What you need to know:
License holders. As of August 9, according to a brief in the mineral sub-sector authored under the Mining and Mineral Policy for Uganda 2018, it was noted that 325 exploration licences, 105 location licences, 42 mining leases and three retention licences were valid.
Speculators holding mineral licences have weakened prospects of attracting serious investors, according to Mr Elly Karuhanga, the Uganda Chamber of Mines and Petroleum chairman.
Speaking during the Annual Mineral Wealth Conference in Kampala, Mr Karuhanga wondered why speculators who have no potential to develop exploration areas, continue to deny Uganda an opportunity to develop the country’s mineral sector.
“For heaven’s sake, what business do these people, (speculators) have in holding back these assets? We need a report on what is going to be done on this matters,” he said, noting that speculative licence holders have locked out foreign direct investment that would otherwise be used to develop mining in Uganda.
As of August 9, according to a brief on recent developments in the mineral sub-sector authored under the Mining and Mineral Policy for Uganda 2018, it was noted that 325 exploration licences, 105 location licences, 42 mining leases and three retention licences were valid.
This brings the number of legally held licences to 475, which means that many of the licences in the mineral sector have either expired or their holders have not invested to required levels.
Dr Luisa Morena, a keynote speaker and Tahuti Global managing director, during the conference, said some investors with interest in obtaining mining rights are being asked to pay as much as $100,000 (Shs367m) by speculative licence holders in order to release such rights.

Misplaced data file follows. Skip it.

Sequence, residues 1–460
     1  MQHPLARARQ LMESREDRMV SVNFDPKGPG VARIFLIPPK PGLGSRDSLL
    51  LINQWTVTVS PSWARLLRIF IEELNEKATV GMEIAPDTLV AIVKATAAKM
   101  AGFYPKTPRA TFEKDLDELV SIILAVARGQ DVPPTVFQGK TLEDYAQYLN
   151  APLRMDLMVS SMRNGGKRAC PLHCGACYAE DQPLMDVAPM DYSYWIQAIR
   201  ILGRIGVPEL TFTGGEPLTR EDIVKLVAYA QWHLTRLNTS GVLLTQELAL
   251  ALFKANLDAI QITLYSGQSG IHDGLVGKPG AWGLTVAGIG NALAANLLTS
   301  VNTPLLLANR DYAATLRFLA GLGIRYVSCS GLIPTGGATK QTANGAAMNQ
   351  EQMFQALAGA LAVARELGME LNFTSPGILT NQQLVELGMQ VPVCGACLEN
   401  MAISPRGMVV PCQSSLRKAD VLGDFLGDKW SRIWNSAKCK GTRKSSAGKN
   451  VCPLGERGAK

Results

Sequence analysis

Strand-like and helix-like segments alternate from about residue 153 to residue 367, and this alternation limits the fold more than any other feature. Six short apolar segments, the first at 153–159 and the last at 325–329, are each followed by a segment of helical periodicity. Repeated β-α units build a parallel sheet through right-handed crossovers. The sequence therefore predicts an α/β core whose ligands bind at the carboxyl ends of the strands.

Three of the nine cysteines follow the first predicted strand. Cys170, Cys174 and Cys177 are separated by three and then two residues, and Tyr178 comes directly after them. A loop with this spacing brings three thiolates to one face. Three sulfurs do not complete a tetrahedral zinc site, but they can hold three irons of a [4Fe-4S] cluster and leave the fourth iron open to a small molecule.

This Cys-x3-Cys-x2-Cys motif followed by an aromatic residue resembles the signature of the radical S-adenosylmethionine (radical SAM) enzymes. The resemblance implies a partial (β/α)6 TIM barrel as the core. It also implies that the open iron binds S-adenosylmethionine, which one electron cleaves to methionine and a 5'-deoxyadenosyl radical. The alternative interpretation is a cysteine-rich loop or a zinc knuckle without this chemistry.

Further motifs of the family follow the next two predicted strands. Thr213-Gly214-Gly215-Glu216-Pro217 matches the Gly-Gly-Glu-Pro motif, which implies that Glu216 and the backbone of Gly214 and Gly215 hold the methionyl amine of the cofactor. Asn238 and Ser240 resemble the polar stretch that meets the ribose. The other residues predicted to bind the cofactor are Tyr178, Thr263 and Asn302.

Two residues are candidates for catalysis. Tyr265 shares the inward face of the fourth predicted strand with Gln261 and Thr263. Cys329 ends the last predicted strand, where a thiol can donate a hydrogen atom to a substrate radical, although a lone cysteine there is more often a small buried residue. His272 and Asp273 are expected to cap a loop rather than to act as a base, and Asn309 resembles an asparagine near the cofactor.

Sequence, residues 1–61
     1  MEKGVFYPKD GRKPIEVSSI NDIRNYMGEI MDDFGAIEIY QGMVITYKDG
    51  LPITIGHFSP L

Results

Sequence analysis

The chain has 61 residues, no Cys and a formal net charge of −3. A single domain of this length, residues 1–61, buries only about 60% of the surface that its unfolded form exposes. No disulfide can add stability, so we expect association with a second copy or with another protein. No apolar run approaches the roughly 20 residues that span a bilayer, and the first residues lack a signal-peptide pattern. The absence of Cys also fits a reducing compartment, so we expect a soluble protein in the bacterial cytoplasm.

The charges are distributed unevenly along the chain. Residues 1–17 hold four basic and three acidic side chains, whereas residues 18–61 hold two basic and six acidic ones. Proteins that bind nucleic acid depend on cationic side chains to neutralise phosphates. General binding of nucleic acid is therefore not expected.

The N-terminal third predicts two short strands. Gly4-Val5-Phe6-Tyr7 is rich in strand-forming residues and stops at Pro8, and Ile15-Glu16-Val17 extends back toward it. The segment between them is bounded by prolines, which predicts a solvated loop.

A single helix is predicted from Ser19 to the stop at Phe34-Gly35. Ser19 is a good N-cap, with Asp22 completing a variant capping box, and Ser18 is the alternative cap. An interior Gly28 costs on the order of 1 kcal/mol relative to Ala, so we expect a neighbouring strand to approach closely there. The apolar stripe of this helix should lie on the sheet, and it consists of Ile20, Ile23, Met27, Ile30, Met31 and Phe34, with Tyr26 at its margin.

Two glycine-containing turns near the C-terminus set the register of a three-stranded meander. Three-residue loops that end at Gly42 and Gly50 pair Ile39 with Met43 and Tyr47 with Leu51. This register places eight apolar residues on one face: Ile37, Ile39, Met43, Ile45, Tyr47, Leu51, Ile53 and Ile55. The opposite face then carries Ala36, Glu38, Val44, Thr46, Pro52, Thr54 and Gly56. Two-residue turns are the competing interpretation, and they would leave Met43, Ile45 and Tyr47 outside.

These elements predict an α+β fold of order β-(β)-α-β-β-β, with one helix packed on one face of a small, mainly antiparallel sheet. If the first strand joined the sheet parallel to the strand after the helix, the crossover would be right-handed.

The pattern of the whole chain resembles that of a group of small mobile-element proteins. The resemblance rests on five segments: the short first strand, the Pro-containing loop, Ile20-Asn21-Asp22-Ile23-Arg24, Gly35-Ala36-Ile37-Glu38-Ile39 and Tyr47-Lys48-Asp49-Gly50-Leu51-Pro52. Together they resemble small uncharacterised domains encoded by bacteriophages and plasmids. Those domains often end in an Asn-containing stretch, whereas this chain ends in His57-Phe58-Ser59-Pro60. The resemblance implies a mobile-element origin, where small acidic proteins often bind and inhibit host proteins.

Many of the licences, she said, are held by companies that cannot develop exploration areas, urging urgent reforms that would encourage serious investors to invest in the sector.
“It is not appropriate to turn around and sell some of these licences for hundreds of thousands of dollars or even a million dollars,” she said, questioning why some firms in selected mineral exploration sites have been given mining licences yet they have no financial and technical capacity to conduct modern day magnetic and production.
Dr Morena, has interests in Canada and other parts of the world with key focus on industry metals, technology and energy metal companies.
However, Mr Robert Kasande, the Energy and Mineral Development permanent secretary, informed participants that government had developed a new online Mineral Licencing System to mainly eliminate speculators.
The system, he said, works in a way that the license holder must meet certain benchmarks for them to continue holding the licence.
The mining law is currently under review with the Ministry of Energy urging local actors to consider partnerships through which they can pool enough capital and up-to-date technology to benefit the sector.
“Our friends the artisanal miners … we expect you to be focused on how you are undertaking your mining activities. We need a safe environment and sustainable practices. We expect you to look towards better technology through stronger partnerships,” Mr Peter Lokeris, the Mineral Development state minister, said.
This year’s conference has been conducted under the theme: “Creating an enabling environment for mining in Uganda.”
According to Ms Elsie Attafuah, the United Nations Development Programme resident representative in Uganda, government needs to embrace the Extractive Industries Transparency Initiative for good governance of oil, gas and mineral resources. “Joining [Extractive Industries Transparency Initiative] is a great step in the right direction for Uganda’s minerals sector. We encourage all players across the value chain to support the global standard. As UN, we shall continue to extend support in the areas of rights, safe environment and indeed a sustainable industry,” she said.